If we listen to Pierre Perret, summer camps have not always been as fulfilling places as we would like us to believe. But all the same, before, they at least allowed the children to get some air.
This summer in Los Angeles, children aged 5 to 17 will participate in the third edition of a Crypto Kids Camp, a holiday camp to learn everything about artificial intelligence, NFTs and virtual reality. Vox has deciphered this new flourishing, but also controversial, American business.
These camps are part of a burgeoning new industry of start-ups producing Web 3.0 educational content for children, sometimes before they can even read. Najah Roberts, the creator of the stay, explains that the goal is to reduce the gap between the privileged children and the others. “It’s important to show them all the possibilities that exist, she says. You can tell them that there is work in technologies, but when they can really see these platforms and use them, then their spirit opens.
The price of the stay? 500 dollars for a week (465 euros). But there are scholarships for children from modest families. The little ones participate in activities for a week and can leave with a computer, a drone, a robot, a VR headset and a phone containing a cryptocurrency wallet.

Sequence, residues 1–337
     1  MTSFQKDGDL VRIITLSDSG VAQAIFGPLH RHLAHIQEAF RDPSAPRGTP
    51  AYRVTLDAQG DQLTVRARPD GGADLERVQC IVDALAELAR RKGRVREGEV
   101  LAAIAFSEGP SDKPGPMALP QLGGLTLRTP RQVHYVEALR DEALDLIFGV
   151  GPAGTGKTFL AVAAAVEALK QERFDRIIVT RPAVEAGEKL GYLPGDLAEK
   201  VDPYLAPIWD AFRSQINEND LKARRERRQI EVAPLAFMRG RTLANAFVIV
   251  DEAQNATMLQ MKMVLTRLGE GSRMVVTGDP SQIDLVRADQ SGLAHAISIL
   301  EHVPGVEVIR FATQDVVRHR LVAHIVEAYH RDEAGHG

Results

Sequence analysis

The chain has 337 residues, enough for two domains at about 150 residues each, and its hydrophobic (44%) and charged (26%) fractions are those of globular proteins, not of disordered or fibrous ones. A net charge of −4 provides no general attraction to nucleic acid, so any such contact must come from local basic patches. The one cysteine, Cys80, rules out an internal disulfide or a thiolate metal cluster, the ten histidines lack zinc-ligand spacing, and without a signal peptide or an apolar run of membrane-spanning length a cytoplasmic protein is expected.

Children are the future
Other types of formulas for children are offered. Zak Ringelstein, the founder of Zigazoo, a kind of TikTok for 3-12 year olds that posts NFT collaborations, says: “We try to teach children the basics of finance and digital to encourage them to create their own art forms and build the future of the web.” There are also virtual cryptocurrency piggy banks for kids like Piggy Banks, educational YouTube videos, and books with titles like C for Cryptocurrency.
These initiatives, which seem to stem from a desire to prepare young people for an increasingly dematerialized future, are not unanimous. Some question the stability of this type of investment and fear that children are taking too big a risk.
For Joyce Sidero, a professor at the University of Minnesota who studies financial behaviors within families, it is important to educate children about money as early as possible. But she believes that cryptocurrency is still too unstable a system to be understood by younger people.
For his part, a teacher who wished to remain anonymous gives his tip for recognizing a kid who touches cryptos: “When he starts adulating Elon Musk, it’s usually because he’s interested in the subject.”
Joyce Sidero says she is very impressed with “the ease with which young children handle these emerging technologies”. However, it highlights a difficulty: “Our mission is to help them navigate a world they will inherit, but which we don’t understand and won’t be there to see.”